Neurological complications associated with vaccines are quite rare [2]. At present, the term ADEM refers to a monophasic inflammatory demyelinating process that affects the central nervous system (CNS) and tends to follow infection or vaccination. Although the pathophysiology of this disease is unknown, the most widely-accepted hypothesis states that the inflammatory components and the secondary autoimmune response are interrelated pathogenic events [3]. Available evidence suggests that there is a temporary autoimmune response that targets myelin as a result of cross-reactivity due to molecular mimicry of viral and self-peptides [3,4]. Another hypothesis posits that the infectious agent provokes non-specific clonal activation of autoreactive T cells. These autoantibodies or autoreactive T cells might be able to cross the blood-brain barrier and favor activation of other lymphocytes and macrophages, which in turn would elicit inflammation and demyelination in the CNS [3,4]. One current theory is that an underlying genetic basis would allow the original infectious agent to trigger this abnormal immune response in susceptible or predisposed individuals [5]. The appearance of ADEM is most commonly associated with infection with measles, followed by varicella-zoster and rubella. Other associated non-viral or bacterial agents include Borrelia, Mycoplasma pneumoniae, β-hemolytic Streptococcus, and gastrointestinal Campylobacter [3]. Among cases associated with immunizations, the vaccines most commonly implicated are measles, influenza, rubella, mumps, whooping cough, and hepatitis B [3]. There is only one published case of ADEM associated with serogroup A and C meningococcal vaccine [6]. Invasive meningococcal disease (IMD), which has 2 main forms of presentation (sepsis and meningitis), is a serious and potentially deadly disease and therefore a major healthcare concern. The B serogroup is predominant in Spain and the rest of Europe, and incidence of the disease is estimated at 0.77/ 100,000 person-years according to the European Centre for Disease Prevention and Control data from 2011 [7]. Two vaccines against serogroup B meningococcus have been approved by the Food and Drug Administration (FDA): the first (MenBFHbp [Trumenba®, Wyeth Pharmaceuticals, Inc.]) was authorized in 2014 and the second (MenB-4C [Bexsero®, Novartis Vaccines]) has been available since 2015 [8,9]. Bexsero® is a recombinant tetra-antigen vaccine designed using a novel technique known as reverse vaccinology. It contains three subcapsular antigens to meningococcus group B (Neisserial adhesion protein or NadA, factor H binding protein or fHbp, and Neisseria Heparin Binding Antigen or NHBA) combined with outer membrane vesicles (OMV) from the strain of Neisseria meningitidis NZ 98/254 that expresses serosubtype 1.4 of outer membrane protein porin A (PorA) [10]. The safety of this vaccine has been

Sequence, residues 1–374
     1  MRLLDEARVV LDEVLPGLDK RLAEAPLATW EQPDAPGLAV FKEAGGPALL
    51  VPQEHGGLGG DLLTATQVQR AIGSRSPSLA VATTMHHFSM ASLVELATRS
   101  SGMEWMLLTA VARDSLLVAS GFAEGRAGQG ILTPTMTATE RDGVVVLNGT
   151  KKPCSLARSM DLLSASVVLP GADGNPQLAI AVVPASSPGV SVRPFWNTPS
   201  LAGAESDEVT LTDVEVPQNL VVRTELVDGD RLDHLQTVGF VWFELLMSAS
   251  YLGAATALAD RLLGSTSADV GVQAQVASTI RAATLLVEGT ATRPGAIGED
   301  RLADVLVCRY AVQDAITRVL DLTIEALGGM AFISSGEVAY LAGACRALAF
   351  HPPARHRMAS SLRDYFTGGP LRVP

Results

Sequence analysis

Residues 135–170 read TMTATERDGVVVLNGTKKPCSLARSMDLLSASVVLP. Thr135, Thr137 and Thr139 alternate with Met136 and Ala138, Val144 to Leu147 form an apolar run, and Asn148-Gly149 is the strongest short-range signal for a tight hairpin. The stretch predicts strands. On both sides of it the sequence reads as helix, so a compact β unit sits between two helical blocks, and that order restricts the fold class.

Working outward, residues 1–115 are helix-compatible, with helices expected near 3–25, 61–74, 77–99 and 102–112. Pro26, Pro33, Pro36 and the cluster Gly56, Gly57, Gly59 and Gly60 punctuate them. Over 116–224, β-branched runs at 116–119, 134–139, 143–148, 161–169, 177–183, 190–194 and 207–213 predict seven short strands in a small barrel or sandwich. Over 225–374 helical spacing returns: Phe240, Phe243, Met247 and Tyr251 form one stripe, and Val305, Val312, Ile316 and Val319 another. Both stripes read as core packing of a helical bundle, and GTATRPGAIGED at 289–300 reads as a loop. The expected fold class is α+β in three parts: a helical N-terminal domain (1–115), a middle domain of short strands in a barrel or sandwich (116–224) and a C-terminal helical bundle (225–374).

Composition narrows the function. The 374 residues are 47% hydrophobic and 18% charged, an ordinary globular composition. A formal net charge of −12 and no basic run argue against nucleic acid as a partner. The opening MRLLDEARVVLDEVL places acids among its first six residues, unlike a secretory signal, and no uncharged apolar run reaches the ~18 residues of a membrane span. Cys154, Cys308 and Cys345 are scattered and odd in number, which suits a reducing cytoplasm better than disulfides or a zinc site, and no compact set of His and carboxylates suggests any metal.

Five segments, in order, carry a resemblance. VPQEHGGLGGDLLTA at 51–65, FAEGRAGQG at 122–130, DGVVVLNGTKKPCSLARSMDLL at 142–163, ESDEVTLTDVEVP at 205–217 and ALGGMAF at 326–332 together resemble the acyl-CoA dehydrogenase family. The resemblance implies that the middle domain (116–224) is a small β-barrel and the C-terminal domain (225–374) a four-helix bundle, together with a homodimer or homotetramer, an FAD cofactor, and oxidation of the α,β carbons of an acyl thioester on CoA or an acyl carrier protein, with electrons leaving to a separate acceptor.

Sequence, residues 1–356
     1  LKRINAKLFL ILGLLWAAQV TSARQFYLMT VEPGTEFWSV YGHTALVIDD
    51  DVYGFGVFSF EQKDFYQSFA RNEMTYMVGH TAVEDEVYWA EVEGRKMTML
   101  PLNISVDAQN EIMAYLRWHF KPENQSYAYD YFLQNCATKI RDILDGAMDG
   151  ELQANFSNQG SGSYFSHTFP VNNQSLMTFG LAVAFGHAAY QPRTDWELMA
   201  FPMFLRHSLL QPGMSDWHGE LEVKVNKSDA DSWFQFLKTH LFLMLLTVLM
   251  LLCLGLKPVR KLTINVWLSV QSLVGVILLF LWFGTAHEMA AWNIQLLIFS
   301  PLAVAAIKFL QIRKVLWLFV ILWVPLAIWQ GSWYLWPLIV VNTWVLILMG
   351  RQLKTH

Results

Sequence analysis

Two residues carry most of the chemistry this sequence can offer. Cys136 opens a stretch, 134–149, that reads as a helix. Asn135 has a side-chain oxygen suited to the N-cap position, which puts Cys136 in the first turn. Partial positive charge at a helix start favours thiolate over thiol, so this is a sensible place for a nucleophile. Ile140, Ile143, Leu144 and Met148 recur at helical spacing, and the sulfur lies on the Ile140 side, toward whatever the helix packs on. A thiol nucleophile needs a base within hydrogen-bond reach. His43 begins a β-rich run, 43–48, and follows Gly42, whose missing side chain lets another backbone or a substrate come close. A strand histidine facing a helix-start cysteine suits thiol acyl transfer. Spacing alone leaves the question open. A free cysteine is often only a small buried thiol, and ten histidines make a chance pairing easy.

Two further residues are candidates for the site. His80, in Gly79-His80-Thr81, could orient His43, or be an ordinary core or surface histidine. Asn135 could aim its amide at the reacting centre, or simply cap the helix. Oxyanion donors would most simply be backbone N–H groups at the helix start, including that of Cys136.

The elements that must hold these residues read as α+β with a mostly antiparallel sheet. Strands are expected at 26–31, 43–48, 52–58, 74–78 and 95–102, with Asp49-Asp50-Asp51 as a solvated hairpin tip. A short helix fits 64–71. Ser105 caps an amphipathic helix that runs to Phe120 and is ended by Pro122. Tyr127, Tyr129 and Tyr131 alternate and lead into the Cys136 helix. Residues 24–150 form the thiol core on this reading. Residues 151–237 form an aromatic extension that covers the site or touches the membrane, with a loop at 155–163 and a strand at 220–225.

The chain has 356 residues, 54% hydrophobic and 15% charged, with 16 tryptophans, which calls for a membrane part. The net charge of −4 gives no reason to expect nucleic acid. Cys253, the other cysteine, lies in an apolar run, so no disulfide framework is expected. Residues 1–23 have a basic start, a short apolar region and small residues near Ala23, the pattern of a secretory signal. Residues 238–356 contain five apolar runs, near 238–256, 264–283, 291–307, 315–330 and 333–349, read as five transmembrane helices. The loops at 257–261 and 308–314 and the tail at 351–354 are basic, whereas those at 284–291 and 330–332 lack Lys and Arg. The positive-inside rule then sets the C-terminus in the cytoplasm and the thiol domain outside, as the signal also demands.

Letter to the Editor

course of the disease confirmed the diagnosis. As far as we know, this is the first published case of ADEM after immunization with MenB-4C. Statement of ethics The authors have no ethical conflicts to declare. Disclosure statement The authors declare that there are no conflicts of interest and that no funding was received for this report. References

Fig. 1. Axial FLAIR MR images taken at time of admission (A and B) and sagittal T2weighted cervicothoracic MR images at admission (C) and follow-up image (D). Bilateral frontal subcortical lesions, right frontal precentral cortical lesions (A and B) and spinal myelitic lesion extending from C7 to T2 (measuring 3 × 3 × 34 mm on its anterior-posterior, transverse and craniocaudal axes respectively) (C). Follow-up study of spinal cord (same sequence) taken 4 months after symptom onset and showing marked improvement of the lesion (D).

analyzed in 10 clinical trials including 5.849 infants and children under the age of 2, and 2.677 adolescents and adults aged 11 to 55 [10]. Furthermore, a total of 59.091 subjects have received at least one dose of MenB-4C in different vaccination campaigns [9]. The most frequently observed local and systemic reactions were pain at the injection site (≥83%), non-specific myalgias (≥48%), and headache (≥33%) [9]. Severe adverse events (anaphylaxis, rhabdomyolysis) that may be related to the vaccine have been reported occasionally [9]. Nevertheless, although the vaccine is considered safe for all age groups, constant pharmacovigilance is of the utmost importance. Our patient developed clinical symptoms compatible with ADEM, with demyelinating lesions in the subcortical white matter and spinal cord, after her initial vaccination with Bexsero®. The clinical and radiological

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Sira Carrasco García de León Ph.D.⁎ Department of Neurology, University General Hospital of Ciudad Real Obispo Rafael Torija S/N, Ciudad Real, Spain Corresponding author. José Manuel Flores Barragán Ph.D. C/Obispo Rafael Torija, Ciudad Real, Spain 25 August 2016 Available online 13 September 2016